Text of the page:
government knew that the Quapaw planned to build a casino on the parcel. AR 201. See also

AR 145 (Quapaw letter to BIA describing the tribe’s need to conclude the acquisitions as

“urgent”); Prelim. Inj. Ex. 3, M. White Decl. ¶ 8 (it was “common knowledge” within BIA that

the Quapaw were building a casino development); Prelim. Inj. Mem. Ex 1(A), “Tribe Announces

Plans” at 1 (reporting Quapaw’s May 15, 2007 press conference describing the location, size,

scope, and timing of their planned gaming development and stating that the tribe has been

working on the project since 1990).


Injury to Cherokee County Caused by Defendant’s Actions

The government’s failure to review the Quapaw casino development under NEPA prior

to taking land into trust for and conveying interests in land to the Quapaw has caused and will

continue to cause substantial injuries to Cherokee County.

The County has a small, declining population of approximately 21,000 living in its 590

square miles (on average, 39 people per square mile), with a per capita annual income of

approximately $14,710. Prelim. Inj. Ex. 1, Edmondson Decl. ¶ 5. Under state law, the County

is responsible for the cost of police services and the cost of fire and other public safety services

in unincorporated areas, and for maintaining County roads. Id. ¶ 16.

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Because of the passage of time, we need not speculate about injury in this case. For

example, the Quapaw development has already damaged Cherokee County roads. Construction

contractors for the Quapaw development have been using State Line Road, a Cherokee County

road, to bring heavy equipment and materials onto the construction site for over a year. Id. ¶ 18.

Part of the construction has involved cutting the existing “chip and seal” hard surface road to

extend a sewer line from the project site into Missouri. Id. Construction traffic already has

interfered with use of the County road and shortened its expected life. Id. See also Am. Compl.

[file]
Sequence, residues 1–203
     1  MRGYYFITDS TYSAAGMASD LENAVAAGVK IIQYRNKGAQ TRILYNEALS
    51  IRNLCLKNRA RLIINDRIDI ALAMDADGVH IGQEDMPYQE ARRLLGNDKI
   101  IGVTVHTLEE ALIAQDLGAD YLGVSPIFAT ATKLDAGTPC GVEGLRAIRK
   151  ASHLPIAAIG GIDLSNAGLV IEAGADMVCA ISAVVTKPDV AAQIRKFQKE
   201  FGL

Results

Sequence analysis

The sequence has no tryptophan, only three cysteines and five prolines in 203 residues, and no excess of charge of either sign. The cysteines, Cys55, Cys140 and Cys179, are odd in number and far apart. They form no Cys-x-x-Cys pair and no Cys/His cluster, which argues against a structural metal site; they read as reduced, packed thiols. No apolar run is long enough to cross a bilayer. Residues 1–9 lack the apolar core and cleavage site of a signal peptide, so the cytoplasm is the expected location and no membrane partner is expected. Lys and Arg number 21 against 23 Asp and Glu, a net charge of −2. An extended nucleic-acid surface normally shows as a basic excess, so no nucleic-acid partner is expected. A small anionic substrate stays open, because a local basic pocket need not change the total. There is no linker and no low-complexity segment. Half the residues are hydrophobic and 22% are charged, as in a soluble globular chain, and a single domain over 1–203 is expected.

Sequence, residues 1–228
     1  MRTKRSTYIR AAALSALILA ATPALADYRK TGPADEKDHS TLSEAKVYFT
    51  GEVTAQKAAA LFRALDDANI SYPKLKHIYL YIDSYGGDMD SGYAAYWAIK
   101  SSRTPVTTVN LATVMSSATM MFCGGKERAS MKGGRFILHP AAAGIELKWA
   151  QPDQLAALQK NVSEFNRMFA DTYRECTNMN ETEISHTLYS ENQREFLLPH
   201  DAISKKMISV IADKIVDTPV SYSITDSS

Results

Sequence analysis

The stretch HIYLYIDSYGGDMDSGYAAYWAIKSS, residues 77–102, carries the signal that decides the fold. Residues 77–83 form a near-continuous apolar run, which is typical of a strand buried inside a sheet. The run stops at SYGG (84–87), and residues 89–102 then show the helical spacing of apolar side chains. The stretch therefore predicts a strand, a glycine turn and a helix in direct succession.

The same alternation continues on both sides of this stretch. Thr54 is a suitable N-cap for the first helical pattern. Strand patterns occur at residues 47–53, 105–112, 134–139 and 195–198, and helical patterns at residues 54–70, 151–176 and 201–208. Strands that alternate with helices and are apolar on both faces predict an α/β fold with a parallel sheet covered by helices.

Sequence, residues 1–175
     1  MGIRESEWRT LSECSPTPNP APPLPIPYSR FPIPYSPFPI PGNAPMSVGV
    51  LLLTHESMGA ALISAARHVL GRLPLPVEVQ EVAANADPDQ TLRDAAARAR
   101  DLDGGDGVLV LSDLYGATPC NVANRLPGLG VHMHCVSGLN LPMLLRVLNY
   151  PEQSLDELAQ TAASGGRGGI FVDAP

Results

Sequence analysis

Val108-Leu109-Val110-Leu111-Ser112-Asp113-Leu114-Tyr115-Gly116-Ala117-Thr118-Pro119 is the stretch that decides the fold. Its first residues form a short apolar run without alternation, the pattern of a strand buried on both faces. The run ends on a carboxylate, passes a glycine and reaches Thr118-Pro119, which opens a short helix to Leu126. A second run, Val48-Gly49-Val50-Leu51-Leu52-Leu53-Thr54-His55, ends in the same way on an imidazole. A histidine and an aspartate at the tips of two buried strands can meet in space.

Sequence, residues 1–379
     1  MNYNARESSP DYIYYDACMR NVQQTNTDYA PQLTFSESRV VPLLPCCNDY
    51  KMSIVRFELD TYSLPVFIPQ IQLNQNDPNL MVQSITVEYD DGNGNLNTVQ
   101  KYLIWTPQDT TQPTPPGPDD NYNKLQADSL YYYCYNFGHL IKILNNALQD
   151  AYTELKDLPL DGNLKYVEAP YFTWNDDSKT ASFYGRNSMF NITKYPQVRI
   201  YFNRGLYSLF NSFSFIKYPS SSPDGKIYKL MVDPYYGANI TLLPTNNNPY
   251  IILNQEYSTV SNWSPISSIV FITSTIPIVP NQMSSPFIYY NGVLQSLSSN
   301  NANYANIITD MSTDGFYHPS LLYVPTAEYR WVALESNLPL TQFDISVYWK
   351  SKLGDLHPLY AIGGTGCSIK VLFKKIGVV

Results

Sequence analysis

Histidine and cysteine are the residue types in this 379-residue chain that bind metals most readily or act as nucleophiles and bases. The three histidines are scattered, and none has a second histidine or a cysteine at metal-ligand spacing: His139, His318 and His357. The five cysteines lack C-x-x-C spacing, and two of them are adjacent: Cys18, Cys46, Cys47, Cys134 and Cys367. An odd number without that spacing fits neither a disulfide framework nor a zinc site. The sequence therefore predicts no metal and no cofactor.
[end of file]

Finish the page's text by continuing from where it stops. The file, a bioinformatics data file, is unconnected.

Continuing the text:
¶¶ 50, 52. 3/

As planned by the Quapaw, all casino traffic will travel through Cherokee County on

County roads, and all or virtually all casino customers will park in Cherokee County. Prelim.

Inj. Ex. 1, Edmondson Decl. ¶ 15. With over two million annual visitors expected at the

Quapaw casino, all of whom will drive on Cherokee County roads and park in Cherokee County,

it is certain that casino traffic will have a significant, adverse and continuing impact on County

roads. Id. ¶ 19. The dramatic increase in traffic will have a significant impact on the cost of

maintaining the roads and on traffic safety, as the expected traffic volume will far exceed the

traffic volume for which the county roads were designed to bear. Id.

Based on the experience of another Kansas jurisdiction with a smaller Indian casino,

Cherokee County expects the casino traffic to cause a significant increase in automobile

accidents and law enforcement service calls in the vicinity of the development. Id. ¶ 20. Even

leaving aside the impact on Cherokee County residents, the increase in vehicle accidents and

dramatic increase in the County’s transient population will require increased police service

Construction work on the parking lot and road in Cherokee County also has destroyed critical
wildlife habitat in the county. The habitat was destroyed without the permit required by Kansas law.
Prelim. Inj. Ex. 1, Edmondson Decl. ¶ 14 & Ex. 1(D) at 6-7 (J. Larson, Kansas Department of Wildlife
and Parks e-mail dated Dec. 27, 2007).